Monthly Archives: August 2010

Aristotle would have been proud

Did you know that Socrates was a soldier?

Mike Orban is an interesting man, I have never met in person. He is a Vietnam Veteran and more over a PTSD Veteran and from what I have deduced a verified bad ass yet he would never admit to it. He is an Author and a Radio Show Host on the subject of Combat PTSD. Mike is the kind of guy that seems to have lived 10 more lives than you but even just one of his would still have more stories than yours. He dropped this nugget of Knowledge in my comments section, a place that is not fit for something of this clarity, simplicity, and overwhelming magnitude of  mind unraveling awesomeness, therefore its posted here. Read it fast, then read it again, try to connect the dots. Its a chunk of knowledge that Socrates would have dropped on some sophist punk on the steps of an Athenian Market.

I had to accept that American soldiers have gone to war (in principle) to keep the experiences of
war outside this country and away from it’s citizens. Yet, at the same time now, after being at war,
I wanted them to understand what true physical, psychological and spiritual committment war is for
the soldiers. I wanted patriotism to be real. However I saw I was caught in my own thinking. The only
way for others to understand our experiences at war was for them to have been to war and this is
precisely what we were successful at preventing (in principle). So, in our own success we had
created our own isolation. I accept this now as being a warrior and being a warrior for life, I don’t
want them to understand because I know what they’d have to go through to gain that understanding.
I don’t wish that on them and in this I take pride which helps calm my soul.

-Mike Orban

Author of ‘Souled Out, A Memoir of War and Inner Peace’

http://www.michaelorban.com

Host of Combat PTSD Exposed

Catch it Wednesday at 11AM/PM eastern time on

www.americaswebradio.com

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Waiting for the Turning Point

Go to war, see bad stuff, come home, trip out a bit…. then what? Life seems to be a series of phases. Sometimes these phases seem like independent lives where you were a completely different person. Things come and go, ebb an flow. So why is it that I am sitting here waiting for the turning point, waiting for this phase to end and the next to begin.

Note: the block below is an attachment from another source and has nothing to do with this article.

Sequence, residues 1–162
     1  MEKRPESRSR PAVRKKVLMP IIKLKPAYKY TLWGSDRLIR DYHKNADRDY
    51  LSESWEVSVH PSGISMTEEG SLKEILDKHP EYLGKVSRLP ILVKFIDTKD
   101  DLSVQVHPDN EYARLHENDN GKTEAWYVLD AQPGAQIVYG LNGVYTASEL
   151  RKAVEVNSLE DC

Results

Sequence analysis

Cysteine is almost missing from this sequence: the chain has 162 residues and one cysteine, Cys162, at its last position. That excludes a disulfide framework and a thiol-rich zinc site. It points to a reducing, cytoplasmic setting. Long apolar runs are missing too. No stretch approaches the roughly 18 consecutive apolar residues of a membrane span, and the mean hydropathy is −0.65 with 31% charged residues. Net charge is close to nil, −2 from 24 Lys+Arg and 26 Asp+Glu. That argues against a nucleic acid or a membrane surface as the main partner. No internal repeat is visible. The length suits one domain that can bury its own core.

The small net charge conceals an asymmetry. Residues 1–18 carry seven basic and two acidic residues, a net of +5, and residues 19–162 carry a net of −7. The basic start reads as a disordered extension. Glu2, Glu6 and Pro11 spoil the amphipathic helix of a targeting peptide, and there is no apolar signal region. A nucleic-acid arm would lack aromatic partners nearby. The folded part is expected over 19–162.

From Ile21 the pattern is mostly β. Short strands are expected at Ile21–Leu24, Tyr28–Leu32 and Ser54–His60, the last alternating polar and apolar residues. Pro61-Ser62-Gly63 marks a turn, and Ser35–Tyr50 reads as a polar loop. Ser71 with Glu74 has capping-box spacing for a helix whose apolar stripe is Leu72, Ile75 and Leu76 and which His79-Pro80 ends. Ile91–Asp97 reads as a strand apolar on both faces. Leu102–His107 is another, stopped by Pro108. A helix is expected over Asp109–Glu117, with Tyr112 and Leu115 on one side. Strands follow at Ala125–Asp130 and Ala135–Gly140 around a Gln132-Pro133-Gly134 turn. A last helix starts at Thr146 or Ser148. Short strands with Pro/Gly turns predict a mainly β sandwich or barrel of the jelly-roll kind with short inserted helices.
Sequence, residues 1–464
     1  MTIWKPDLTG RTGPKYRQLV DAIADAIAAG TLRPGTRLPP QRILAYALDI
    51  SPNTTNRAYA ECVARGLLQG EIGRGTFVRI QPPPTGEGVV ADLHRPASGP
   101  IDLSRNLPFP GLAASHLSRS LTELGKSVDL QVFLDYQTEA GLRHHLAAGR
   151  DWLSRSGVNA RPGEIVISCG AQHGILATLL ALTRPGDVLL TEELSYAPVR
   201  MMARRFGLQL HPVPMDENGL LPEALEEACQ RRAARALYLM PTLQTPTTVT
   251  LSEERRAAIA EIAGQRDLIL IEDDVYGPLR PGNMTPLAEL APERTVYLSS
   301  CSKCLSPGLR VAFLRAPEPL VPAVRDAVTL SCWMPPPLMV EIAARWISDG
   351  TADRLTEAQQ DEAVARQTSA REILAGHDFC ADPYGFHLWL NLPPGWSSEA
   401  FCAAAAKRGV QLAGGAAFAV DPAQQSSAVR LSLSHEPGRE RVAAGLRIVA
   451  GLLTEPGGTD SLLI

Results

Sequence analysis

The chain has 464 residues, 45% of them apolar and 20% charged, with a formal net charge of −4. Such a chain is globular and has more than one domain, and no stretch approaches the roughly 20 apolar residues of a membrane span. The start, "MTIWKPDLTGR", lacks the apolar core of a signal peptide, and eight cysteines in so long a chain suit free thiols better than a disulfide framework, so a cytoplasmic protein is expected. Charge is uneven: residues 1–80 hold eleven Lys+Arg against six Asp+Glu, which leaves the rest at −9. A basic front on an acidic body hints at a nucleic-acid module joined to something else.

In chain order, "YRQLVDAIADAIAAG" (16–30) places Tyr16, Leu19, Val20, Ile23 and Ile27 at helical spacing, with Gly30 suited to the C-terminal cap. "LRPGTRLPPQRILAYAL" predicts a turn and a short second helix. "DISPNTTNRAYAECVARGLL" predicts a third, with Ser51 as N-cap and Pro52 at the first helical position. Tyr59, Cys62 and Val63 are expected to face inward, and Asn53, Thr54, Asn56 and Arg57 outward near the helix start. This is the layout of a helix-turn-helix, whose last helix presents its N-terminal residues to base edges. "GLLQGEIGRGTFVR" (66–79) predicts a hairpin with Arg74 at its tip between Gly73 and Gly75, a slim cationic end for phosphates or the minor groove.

I am doing everything I can mentally and emotionally to force the turn. I am doing my part to make it happen now its on time to get to the right moment. I am sure it won’t be all at once, but I am done being the wounded one. Been done for a while. I just want to be able to move through life without all the extra baggage I carry. I want to be engaged again rather than viewing things from a far. I am tired of creeping my friends out when I space out. When I say want, thats an under-exaggeration I crave the time when I won’t be this anymore. I am not the type to fail at a goal like that. I will fight this tooth and nail until I get there, but part of me knows it will involve waiting.

If something was put in my mind by external forces, isn’t it true that external forces should be able to nullify it? Thats the theory I have beenGET SOMErunning on, by refusing PTSD and moving towards dealing with what happened. Working through my guilts and faults of combat and refusing to fall to the terminal diagnosis of PTSD, and just assuming thats my plight in life. To hell with that and the horse it rode in on. I will not fall to the wayside or submit to the brown paper bag of pills. I won’t let the adrenaline and the combat mentality run my life. I won’t let old fears and old guilts tell me when I am allowed to be happy. So I am armed and pissed off, ready to do some guerrilla warfare on this thing called life after combat. I am going to systematically tear its freaking heart out, like that bad guy in Indiana Jones. I think I am getting a little angry (hulk smash). Time to simmer down.

So while I wait for the turning point, I am obviously going to be making a hell of a racket in my mind where that trauma junk is stored. Gonna be like that doc lady that goes into people’s houses, where they have pizza boxes to the ceiling with a dead cat hidden in between the couch cushions, and cleans everything up. But I am gonna do it with a little more flare, like with a flame thrower or something. Hunting down bad memories and making them “teachable moments” P.S. next person to tell me something is a “teachable moment” is gonna get kicked in the teeth. So while I am all full of piss and vinegar, I might as well get cracking. Don’t just wait for the turning point in your life, do something about it, it still all comes down to time but at least you will look busy until the time being.


Long Way Home

Traveling to war, used to be a major part of the entire time spent away from home. It would take months to get to the battle field, as technology increased the speed picked up. By WWII it would take only 3 weeks to make it back from war, riding on transport ships. Fast forward to today, troopers can be boots in the dirt to boots in the house in under a day.

The travel time was once, decompression time. It gave troopers time to think and process, develop answers to questions, or decide best how to approach coming home. With the new ways of coming home, troopers lose that time. All of this is nothing new, but the perspective I have is a bit different.

So when they would travel home on those long treks, their physical body as well as their minds traveled on the same path. Now our physical body is rocketed home while all the trauma is left to wander its way back. It is not taken care of in the same way anymore. The minds of the troopers are left to fend for themselves they are not given that time and dedicated focus that it takes to start the healing process. Instead they are met with distractions and honeymoon situations and the wounds tend to fester.